My rating: 4 of 5 stars
My feelings about this book are mixed. On one hand, I found it interesting and challenging. I utilized many resources, while reading this book, to help me better understand the background information and literary allegories. One valuable resource was a study guide prepared by Heather DuBois Bourenane from the University Wisconsin‐Madison. I became engrossed in the plot, and I appreciated the literary devices used to examine various themes. On an academic level, I was very impressed with the book.
On the other hand, if I consider Things Fall Apart outside of any historical significance, political importance or literary appreciation, I was underwhelmed. The main character was, too, vilified in the first chapters. I didn’t care much what happened to him, nor did I feel empathy for any of the other characters. I didn’t feel anything while reading the book. Reading a novel shouldn’t be an academic pursuit but one of the heart.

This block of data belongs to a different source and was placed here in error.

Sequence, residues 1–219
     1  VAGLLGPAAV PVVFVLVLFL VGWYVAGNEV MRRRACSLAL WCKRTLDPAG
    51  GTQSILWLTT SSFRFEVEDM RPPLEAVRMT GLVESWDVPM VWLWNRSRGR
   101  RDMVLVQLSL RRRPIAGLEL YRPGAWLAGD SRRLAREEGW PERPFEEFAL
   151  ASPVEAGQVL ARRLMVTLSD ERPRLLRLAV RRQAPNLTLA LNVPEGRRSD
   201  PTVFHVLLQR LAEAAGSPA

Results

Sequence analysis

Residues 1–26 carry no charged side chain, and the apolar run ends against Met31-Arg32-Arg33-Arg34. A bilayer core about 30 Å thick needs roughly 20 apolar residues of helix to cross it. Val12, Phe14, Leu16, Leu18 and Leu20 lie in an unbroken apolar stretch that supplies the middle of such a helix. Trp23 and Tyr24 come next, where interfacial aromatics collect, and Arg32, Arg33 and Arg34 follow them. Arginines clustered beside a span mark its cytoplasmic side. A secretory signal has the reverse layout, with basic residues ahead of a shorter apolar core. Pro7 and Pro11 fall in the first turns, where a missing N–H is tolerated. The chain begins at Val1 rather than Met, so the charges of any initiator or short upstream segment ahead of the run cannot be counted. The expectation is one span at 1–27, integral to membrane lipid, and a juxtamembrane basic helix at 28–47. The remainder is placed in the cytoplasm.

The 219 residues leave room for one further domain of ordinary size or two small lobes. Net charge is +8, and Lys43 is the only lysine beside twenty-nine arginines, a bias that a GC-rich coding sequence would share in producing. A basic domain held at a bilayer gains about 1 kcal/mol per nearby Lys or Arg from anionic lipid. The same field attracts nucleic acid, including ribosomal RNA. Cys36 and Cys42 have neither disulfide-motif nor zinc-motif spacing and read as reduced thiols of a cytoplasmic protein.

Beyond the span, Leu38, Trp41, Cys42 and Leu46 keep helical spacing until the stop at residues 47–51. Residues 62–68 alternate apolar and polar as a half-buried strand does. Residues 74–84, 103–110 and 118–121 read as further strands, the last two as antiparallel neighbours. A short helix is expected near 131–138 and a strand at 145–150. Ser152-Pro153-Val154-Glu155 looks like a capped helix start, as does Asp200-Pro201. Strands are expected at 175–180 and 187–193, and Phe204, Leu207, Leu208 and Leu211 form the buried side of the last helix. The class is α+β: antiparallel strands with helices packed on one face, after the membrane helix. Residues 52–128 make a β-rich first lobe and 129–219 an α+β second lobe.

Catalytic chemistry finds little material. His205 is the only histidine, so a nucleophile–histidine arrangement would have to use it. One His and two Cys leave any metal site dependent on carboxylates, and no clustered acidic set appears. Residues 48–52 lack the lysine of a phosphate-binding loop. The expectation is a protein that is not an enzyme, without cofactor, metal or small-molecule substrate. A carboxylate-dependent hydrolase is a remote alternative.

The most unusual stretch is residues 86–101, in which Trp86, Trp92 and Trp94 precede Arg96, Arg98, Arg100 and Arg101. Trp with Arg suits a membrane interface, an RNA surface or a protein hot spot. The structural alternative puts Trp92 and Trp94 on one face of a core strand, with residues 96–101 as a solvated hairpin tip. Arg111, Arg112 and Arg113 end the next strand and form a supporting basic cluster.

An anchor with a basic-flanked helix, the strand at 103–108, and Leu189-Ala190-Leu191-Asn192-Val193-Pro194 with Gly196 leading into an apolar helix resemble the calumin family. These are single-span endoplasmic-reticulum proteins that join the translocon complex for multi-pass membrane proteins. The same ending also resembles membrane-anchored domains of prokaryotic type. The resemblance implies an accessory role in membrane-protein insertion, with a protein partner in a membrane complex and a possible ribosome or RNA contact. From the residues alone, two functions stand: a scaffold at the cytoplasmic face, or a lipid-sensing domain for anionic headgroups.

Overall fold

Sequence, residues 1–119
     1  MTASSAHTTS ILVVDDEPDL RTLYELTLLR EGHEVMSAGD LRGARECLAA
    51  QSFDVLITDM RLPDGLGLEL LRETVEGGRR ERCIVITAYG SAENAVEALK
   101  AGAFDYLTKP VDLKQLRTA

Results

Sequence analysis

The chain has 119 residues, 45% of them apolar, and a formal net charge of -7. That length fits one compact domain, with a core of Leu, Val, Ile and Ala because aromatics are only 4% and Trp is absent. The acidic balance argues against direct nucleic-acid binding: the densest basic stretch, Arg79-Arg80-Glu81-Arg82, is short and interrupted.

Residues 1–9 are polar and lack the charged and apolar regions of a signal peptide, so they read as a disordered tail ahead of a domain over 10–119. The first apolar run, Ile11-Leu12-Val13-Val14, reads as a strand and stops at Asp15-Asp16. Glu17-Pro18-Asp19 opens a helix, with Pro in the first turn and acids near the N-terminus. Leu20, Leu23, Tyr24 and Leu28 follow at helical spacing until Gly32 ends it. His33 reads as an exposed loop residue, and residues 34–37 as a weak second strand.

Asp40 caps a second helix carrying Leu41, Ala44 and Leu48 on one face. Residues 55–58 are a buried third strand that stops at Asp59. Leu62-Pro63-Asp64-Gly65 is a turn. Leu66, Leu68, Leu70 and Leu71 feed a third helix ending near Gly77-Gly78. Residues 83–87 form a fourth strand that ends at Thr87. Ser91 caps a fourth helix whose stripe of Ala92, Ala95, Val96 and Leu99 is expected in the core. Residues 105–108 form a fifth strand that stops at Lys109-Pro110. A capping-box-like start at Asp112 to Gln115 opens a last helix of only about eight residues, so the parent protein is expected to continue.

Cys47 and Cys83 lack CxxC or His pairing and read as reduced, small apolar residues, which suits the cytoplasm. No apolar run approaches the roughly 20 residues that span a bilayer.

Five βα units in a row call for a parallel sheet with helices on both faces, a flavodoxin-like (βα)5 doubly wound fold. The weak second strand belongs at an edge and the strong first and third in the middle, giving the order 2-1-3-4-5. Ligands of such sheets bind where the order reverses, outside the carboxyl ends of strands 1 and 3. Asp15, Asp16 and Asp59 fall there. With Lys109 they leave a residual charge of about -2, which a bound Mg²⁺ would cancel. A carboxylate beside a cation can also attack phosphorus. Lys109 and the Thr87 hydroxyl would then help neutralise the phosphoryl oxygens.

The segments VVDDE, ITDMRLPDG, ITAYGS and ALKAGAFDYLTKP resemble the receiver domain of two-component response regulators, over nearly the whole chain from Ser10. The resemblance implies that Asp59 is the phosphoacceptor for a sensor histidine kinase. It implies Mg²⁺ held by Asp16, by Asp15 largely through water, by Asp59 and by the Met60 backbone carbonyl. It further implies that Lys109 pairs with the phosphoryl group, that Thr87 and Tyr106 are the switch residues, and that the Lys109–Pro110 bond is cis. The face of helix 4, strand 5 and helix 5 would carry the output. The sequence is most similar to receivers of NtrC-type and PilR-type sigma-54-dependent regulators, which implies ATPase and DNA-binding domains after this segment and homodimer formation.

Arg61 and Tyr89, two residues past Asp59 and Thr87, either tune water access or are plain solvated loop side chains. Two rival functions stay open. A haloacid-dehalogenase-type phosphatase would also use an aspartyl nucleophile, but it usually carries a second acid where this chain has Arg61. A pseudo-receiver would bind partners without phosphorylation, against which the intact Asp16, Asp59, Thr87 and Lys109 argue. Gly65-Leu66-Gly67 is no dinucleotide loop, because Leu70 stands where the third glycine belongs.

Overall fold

That leaves me in a quandary as to what rating to give Things Fall Apart. I have settled on 4 stars. Although I didn't find the novel emotionally riveting, Achebe seamlessly incorporated African storytelling with a western style of writing, and he tackled difficult themes in a way that was stimulating and thought provoking.
Most of the answers to the Ws are found in my previous post about this book.
Things Fall Apart – 1987 Nigerian Broadcasting Corporation mini‐series.